HMMR’s export programme sees the Solaris being shipped to the neighbouring markets of Ukraine, Azerbaijan, Kazakhstan, Belarus, Uzbekistan, Moldova, Armenia and Kyrgyzstan. No import duties are imposed on the CIS nations importing Accents produced in Russia.
PCMA Rus, an assembly plant owned by both PSA Peugeot Citroën (70%) and Mitsubishi Motors Corporation (30%), continues to add more vehicles, the new generation of the Mitsubishi Outlander as well as the Peugeot 408 being the latest models. The site in Kaluga, which started out as an SKD operation, moved to full manufacturing last year.
Since its opening in 2010, the plant has assembled a combined 100,000+ units of five models (Peugeot 308 and 4007, Citroën C4 and C-Crosser, and previous generation Mitsubishi Outlander), in addition to the two newest ones. The move to full production means the plant’s capacity has been lifted to 125,000 vehicles per year. With the end of C-Crosser assembly, some 85,000 Peugeot and Citroën C-segment cars will from now on be built at Kaluga, as well as 40,000 Mitsubishi SUVs.
One important new development that has come with the change to manufacturing is the addition of Russian-made components, including stamped parts, bumpers, wheels and tyres, seats, dashboards, etc. Due to the launch of full-scale production and three new workshops (welding, painting, assembly) the number of plant employees is rising from 1,700 in 2011 to almost 2,500 by the end of 2013.
Tier 1, 2 and 3 component suppliers continue to localise their former imported parts operations, with firms such as Valeo and Visteon among the leading groups. Major investments by Russian firms have, by contrast, been few and far between. There are several reasons for this, though the main one is a simple lack of connection to global OEMs’ supplier chains.
Local firms are seemingly caught by the fact that to become a supplier to Volkswagen Group, Renault-Nissan or PSA Peugeot Citroën, a long and expensive process of certification needs to take place. The problem for many Russian vendors is that they lack a strong track record of delivering high quality components in large volumes to existing foreign customers. To gain even a handful of such contracts takes years and requires very deep pockets.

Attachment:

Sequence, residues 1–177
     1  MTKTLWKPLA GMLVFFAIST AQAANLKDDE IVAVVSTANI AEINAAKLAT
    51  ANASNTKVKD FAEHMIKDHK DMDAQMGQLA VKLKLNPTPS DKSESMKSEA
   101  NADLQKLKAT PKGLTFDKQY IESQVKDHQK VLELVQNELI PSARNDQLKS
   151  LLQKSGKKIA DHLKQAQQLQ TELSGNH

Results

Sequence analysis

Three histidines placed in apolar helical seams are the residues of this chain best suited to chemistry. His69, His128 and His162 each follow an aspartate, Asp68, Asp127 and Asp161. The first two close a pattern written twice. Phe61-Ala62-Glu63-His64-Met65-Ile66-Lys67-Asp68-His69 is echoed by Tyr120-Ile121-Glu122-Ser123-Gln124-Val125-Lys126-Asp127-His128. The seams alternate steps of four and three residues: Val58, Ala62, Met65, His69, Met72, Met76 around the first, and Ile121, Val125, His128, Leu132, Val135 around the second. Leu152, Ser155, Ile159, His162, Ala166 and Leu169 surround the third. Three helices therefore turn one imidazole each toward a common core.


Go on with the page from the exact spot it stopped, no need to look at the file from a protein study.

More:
Plastic Omnium is one of a number of major overseas suppliers investing in Russia. The firm’s Auto Inergy division has erected a new facility in St Petersburg to service new contracts from Nissan, Ford and General Motors. The plant has been built by the 51%-owned joint venture created in April 2012 with fuel systems manufacturer DSK.
The Group’s third manufacturing facility in Russia joins a plant in Stavrovo, which produces fuel systems primarily for Renault, and a facility in Togliatti that mainly supplies AvtoVAZ. By 2015, the division expects to be manufacturing more than a million fuel tanks locally, giving it a projected 40% of the market.
Continental’s Powertrain division is also in an expansionary mood, having recently announced a €20 million investment for its Kaluga plant, expanding capacity to produce engine control and fuel supply units. One of the drivers for this is the future enforcement of more stringent emissions standards in Russia and these will significantly increase the requirement for economical, low-emission injection systems.